Kigali Prison, Rwanda, 1995, was a colonial building that looked scary from the outside, but it was when GREG MARINOVICH went inside that it became truly terrifying.
The prison in Kigali was, in some ways, much like any other overcrowded, sordid, smelly and downright scary jail in Africa. But unlike others, filled with petty criminals, debtors, murderers and thieves, this one was filled – overfilled – with just a small cross-section of those accused of participating in the genocide of almost a million Tutsis, along with some Hutu moderates.
Many among the prisoners were young boys. Boys with a look of either sorrow or contempt. And those mothers? With their infants in jail with them? What had they done? Who am I to judge people I do not know? – But my imagination had been fuelled by having seen mass graves, spoken to survivors, having met victims of repeated gang rape. It was difficult not to have an opinion.
Yet surely the worst of the perpetrators had fled to what was then Zaïre, ahead of the conquering Rwandan Patriotic Front (RPF)? Who were these people – men, women and children – who had decided to stay in the villages and towns where they had taken part in the genocide?
Were they so sure of the extermination of their enemies that they thought they were safe from retribution?
The RPF did not try to run the prison; they left that to the Hutu leadership inside the prison. The authorities writ ran out at the entrance. Going into it was to hand yourself over to genocidal maniacs. It was much like stepping off a bridge and hoping you would survive.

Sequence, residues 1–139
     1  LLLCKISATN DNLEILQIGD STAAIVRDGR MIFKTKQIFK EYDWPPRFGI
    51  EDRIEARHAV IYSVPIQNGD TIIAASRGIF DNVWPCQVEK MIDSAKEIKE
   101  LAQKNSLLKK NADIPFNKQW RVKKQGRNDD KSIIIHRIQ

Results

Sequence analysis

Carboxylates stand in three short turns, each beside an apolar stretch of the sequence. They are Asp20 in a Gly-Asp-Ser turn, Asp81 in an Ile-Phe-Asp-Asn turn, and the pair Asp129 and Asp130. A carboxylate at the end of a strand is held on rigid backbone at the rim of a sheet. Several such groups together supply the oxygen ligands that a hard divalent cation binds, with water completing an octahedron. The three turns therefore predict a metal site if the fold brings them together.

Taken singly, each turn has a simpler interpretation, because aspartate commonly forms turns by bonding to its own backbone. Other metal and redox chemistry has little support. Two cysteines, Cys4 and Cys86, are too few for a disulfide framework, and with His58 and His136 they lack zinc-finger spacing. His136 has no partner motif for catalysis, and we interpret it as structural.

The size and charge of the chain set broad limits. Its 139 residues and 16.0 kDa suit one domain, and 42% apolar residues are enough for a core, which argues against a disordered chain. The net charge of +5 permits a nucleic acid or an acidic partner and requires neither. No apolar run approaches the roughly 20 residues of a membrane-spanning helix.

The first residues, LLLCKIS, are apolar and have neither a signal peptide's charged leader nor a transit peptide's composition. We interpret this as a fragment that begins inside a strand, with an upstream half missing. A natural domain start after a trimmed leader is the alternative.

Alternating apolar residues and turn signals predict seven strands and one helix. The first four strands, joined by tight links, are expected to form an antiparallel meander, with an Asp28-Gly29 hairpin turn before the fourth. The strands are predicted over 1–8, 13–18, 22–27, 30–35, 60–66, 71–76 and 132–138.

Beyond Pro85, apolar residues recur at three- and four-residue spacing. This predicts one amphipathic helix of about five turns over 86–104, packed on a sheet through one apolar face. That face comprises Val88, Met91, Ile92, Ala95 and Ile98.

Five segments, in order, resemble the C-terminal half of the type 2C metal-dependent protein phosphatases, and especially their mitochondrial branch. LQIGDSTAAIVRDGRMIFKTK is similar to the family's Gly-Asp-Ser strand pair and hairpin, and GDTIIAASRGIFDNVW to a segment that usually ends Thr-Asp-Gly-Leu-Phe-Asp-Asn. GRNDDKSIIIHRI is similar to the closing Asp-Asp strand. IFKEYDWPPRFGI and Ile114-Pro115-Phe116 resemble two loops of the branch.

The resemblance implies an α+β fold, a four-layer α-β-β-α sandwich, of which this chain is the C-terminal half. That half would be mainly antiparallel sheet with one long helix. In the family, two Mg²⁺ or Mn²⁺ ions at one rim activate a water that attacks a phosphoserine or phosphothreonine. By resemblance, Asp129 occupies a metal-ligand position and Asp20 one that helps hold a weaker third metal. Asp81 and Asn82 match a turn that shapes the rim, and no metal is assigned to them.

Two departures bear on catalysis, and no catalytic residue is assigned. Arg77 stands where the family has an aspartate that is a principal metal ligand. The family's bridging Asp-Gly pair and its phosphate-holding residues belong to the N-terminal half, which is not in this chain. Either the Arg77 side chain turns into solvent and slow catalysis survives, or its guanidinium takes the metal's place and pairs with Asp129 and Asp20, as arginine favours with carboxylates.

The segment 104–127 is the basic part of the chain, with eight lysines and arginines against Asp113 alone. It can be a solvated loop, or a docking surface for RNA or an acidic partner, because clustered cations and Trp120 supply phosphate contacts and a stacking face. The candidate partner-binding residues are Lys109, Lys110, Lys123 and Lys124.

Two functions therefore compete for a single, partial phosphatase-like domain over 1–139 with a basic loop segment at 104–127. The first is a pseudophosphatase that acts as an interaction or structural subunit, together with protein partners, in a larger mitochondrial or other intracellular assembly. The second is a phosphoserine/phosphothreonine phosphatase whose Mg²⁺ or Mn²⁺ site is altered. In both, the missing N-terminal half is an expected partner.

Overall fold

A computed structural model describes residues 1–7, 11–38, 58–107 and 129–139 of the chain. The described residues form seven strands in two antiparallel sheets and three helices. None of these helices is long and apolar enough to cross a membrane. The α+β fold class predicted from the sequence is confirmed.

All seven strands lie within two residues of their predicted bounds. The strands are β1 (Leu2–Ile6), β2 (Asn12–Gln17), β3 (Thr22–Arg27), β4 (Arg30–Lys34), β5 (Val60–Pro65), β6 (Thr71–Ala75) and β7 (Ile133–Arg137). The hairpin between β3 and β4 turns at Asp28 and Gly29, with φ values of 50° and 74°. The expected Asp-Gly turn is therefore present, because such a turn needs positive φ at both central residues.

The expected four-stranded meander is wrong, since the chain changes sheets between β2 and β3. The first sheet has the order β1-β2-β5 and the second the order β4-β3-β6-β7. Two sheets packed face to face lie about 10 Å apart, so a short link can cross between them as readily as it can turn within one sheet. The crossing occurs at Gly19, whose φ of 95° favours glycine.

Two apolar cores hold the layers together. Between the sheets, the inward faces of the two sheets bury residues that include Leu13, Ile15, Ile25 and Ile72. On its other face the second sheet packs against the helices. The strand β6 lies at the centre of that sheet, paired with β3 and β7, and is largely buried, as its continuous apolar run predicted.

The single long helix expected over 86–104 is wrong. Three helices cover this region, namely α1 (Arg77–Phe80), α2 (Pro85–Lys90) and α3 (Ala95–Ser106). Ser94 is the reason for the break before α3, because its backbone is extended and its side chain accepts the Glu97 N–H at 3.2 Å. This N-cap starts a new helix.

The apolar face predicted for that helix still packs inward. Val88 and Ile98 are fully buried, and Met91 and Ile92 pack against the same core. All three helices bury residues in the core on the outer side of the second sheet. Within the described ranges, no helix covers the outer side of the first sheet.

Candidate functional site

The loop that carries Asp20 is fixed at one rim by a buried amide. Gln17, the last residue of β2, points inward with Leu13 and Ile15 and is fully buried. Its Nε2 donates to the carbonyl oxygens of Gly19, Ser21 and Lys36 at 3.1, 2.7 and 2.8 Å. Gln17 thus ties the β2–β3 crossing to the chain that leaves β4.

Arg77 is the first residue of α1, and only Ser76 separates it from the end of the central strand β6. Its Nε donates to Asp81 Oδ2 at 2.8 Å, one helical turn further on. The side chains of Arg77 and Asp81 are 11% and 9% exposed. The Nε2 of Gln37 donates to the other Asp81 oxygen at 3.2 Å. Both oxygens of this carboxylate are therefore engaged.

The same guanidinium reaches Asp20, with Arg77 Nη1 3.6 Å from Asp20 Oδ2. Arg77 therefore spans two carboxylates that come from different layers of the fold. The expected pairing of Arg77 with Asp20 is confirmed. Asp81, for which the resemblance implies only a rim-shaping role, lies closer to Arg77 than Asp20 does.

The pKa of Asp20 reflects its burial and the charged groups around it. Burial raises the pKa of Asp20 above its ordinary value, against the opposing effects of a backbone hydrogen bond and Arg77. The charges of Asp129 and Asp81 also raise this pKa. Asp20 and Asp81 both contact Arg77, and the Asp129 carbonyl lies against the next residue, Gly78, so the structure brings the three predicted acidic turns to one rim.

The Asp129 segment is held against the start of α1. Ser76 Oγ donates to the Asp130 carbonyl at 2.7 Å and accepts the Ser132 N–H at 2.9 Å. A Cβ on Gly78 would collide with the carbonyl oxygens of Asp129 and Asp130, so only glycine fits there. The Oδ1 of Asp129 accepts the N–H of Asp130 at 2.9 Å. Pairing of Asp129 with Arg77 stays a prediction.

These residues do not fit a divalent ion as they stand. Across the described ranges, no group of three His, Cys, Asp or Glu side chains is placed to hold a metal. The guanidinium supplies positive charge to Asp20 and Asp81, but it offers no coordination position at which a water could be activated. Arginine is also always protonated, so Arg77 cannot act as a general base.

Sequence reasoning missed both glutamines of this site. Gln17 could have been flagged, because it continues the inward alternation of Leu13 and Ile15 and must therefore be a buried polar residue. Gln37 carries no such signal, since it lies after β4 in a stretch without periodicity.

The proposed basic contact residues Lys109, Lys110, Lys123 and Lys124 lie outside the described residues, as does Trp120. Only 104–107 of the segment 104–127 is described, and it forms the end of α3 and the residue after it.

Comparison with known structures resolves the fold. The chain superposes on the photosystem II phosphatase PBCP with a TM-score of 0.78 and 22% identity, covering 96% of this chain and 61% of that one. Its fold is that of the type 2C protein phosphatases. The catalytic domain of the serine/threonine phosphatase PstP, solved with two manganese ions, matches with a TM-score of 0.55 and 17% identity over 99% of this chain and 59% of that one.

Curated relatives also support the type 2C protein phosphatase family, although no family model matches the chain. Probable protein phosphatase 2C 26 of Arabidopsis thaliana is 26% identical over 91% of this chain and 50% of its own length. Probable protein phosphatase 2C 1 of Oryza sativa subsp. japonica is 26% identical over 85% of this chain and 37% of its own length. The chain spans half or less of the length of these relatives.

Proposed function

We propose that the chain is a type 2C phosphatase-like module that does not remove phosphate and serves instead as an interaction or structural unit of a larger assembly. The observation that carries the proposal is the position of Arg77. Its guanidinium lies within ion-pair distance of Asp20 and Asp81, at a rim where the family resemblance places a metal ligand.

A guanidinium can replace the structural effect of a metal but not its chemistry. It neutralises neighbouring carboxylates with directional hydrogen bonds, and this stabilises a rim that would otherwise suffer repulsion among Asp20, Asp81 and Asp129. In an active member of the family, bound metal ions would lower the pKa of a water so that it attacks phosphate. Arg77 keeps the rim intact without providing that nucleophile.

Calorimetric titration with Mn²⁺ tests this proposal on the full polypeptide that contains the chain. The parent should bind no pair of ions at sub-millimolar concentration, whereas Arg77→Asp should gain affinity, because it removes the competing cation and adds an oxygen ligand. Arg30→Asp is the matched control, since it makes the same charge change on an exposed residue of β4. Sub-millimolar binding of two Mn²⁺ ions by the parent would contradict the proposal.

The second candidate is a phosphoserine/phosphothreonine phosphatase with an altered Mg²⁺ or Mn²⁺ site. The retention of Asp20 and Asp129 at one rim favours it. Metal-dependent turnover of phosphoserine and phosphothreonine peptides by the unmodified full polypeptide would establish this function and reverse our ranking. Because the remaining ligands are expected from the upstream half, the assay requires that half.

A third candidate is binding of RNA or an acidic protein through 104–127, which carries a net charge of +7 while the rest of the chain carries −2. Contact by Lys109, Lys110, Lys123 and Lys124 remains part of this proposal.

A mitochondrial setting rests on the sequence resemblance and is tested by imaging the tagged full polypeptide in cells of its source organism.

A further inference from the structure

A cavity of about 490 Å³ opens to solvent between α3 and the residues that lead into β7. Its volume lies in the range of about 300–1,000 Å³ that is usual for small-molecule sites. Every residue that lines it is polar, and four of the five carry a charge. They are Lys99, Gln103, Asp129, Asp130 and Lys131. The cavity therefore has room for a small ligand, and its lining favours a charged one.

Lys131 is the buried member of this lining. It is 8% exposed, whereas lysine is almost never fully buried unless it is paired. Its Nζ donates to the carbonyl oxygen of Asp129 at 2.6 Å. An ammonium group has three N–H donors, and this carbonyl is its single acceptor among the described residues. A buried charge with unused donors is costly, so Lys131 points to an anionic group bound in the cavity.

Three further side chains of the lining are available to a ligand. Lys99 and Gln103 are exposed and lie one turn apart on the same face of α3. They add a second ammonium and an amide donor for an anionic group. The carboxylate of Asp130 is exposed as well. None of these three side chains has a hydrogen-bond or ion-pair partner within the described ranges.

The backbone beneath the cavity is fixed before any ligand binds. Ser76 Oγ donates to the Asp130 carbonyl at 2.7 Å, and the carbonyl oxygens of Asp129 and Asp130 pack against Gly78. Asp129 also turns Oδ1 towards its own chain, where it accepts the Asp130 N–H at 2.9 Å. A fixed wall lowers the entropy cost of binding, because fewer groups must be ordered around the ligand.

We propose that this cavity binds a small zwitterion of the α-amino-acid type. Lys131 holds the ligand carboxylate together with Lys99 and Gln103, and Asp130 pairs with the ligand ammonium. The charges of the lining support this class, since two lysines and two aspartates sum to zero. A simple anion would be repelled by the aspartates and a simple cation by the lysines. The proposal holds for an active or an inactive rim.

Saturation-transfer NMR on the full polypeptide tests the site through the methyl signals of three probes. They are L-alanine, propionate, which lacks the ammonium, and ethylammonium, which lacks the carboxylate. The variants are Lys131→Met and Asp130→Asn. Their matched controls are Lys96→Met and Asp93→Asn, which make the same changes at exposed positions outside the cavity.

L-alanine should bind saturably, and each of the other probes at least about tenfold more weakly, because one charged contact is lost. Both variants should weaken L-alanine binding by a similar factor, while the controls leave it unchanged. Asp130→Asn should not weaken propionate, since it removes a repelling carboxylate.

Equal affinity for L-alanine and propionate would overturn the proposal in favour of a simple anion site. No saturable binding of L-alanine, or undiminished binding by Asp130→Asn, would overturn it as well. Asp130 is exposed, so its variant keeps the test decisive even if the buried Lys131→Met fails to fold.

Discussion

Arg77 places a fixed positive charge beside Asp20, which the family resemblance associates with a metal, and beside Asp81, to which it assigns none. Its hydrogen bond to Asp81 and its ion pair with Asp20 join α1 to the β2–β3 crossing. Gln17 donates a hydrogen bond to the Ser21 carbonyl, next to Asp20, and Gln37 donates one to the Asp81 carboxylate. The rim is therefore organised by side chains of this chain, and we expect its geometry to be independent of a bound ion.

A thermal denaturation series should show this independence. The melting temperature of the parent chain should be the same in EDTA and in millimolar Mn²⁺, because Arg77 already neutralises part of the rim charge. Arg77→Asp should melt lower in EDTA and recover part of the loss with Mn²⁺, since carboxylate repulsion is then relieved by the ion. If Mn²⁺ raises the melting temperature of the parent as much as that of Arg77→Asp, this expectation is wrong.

On the inside, young boys were incarcerated alongside adults, all crammed into unimaginably small spaces. The smell assaulted you, as did the sense of menace. Those awaiting trial wore pale pink uniforms. The idea was to try each and every one of these alleged killers, but the justice system could not manage such numbers. Even if they tried 1,000 people a year, it would take 120 years to process all 120,000 accused of genocide.
As conditions worsened in this and other prisons, the Rwandan government turned to the Gacaca court system – a traditional community-based way to find justice, and perhaps reconciliation.
Those who had confessed were among the first to be released back into the community and await their turn at the Gacaca courts. The Gacaca system wound down in 2012, after trying almost two million people, and convicting 65% of them. Of course, this was imperfect justice in many cases, but how else to deal with the numbers of those who took part in the killing of almost a million people, in every village and town? DM
All photos by GREG MARINOVICH, taken in Kigali Prison, May 11, 1995.
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